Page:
Forgot your password?

We just sent you an email, containing instructions for how to reset your password.

Sign in

  • New Orleans is home to jazz and government neglect and other American traditions. New Orleans is hot. When people think of New Orleans, they think of heat, a vivid electric swamp heat that gets into your lungs like smoke. After the heat, most people associate New Orleans with brass bands and booze and catastrophe, which is a shame because this city is shaped by a strange modern tension. The future lives here and sometimes there's no weather at all.

    I discovered these things when my ears began to ring. Tinnitus, they said. One doctor told me it was caused by degenerating discs in my neck. Another said it might be bad nerves, my anxiety closing in. This high-pitched whine sent me out of closed rooms and into the street. I began taking midnight walks through the city and the sounds of New Orleans harmonized with the ringing in my ears: the buzz of a busted streetlight, the drone of a cicada and somewhere in the distance, a siren. Always a siren in this city of music and noise.

    My body, falling apart amid a city in elegant decay, a city of iron balconies and gas lanterns, of hanging gardens and secret courtyards. “Elegant decay” is a term of art for the idea that the degradation of certain cities produces a unique beauty due to their historic significance. A city planner told me that the entire nation will soon be in a state of elegant decay and New Orleans is leading the way. Yet every other block is filled with carpenters and filmmakers, people building new things while others film the old things. The trailers and cranes of construction teams and film crews are scattered everywhere and I often get the two confused.

    At the bottom of the nation, I walk through a schizophrenic city filled with snapshots plumbed from the American psyche. Oil refineries burn in the Gulf while the coastline erodes. Old ballrooms and old men in tailored suits overwhelmed by thousands of men dressed like children, wearing shorts and sneakers and baseball caps. Lavish wealth sits across the street from shocking poverty. This is a city of deranged streets with shattered pavement and frightening potholes, of sidewalks choked with tropical mayhem. Little kids in phenomenally talented marching bands practice in frightening parking lots while unwashed punks on two-story bicycles ride by.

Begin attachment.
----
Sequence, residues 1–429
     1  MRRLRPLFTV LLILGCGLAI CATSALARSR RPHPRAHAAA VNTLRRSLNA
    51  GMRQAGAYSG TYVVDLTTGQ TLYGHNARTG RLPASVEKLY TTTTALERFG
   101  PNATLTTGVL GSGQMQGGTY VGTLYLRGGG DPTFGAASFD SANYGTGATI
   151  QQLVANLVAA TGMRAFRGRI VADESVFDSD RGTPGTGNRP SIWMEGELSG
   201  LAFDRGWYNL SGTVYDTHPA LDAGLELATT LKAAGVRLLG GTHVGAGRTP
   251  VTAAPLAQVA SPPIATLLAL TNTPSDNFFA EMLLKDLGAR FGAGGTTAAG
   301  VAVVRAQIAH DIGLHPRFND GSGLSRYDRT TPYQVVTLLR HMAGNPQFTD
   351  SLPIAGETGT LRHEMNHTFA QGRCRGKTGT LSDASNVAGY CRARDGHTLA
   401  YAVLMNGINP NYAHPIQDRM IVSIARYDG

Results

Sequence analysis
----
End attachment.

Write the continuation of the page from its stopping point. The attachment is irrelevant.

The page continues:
There are places in this city where time crawls, maybe even reverses. Dim antique shops filled with stone lions and gold chandeliers, a curio house stuffed with the inventory of the nation's first pharmacy. I pay close attention here, seeking a cure for the ringing in my ears and the pains in my neck. I learn that lavender was used to freshen linens as well as to revive ladies who had swooned. Lemon juice should be added to bath water during a full moon to purify the body and spirit, according to Cunningham's Encyclopaedia of Magical Herbs. One possibility for the name "heroin" was that the drug gave its users a "heroic" feeling. I read stories about leeches, bloodletting, shock devices, and rusty knives.

    These are the nights when I walked the city, convinced I was dying, feeling strange tremors in my spine and thinking that an iron balcony with ferns dripping over the railing might be my last sight and that'd be just fine. My ringing ears sent me into the city at night and I found myself in a complicated town that's lurching into the future while coming to terms with its past and present condition. I decided to do the same.
    • Share

    Connected stories:


Collections let you gather your favorite stories into shareable groups.

To collect stories, please become a Citizen.

    Copy and paste this embed code into your web page:

    px wide
    px tall
    Send this story to a friend:
    Would you like to send another?

      To retell stories, please .

        Sprouting stories lets you respond with a story of your own — like telling stories ’round a campfire.

        To sprout stories, please .

            Better browser, please.

            To view Cowbird, please use the latest version of Chrome, Safari, Firefox, Opera, or Internet Explorer.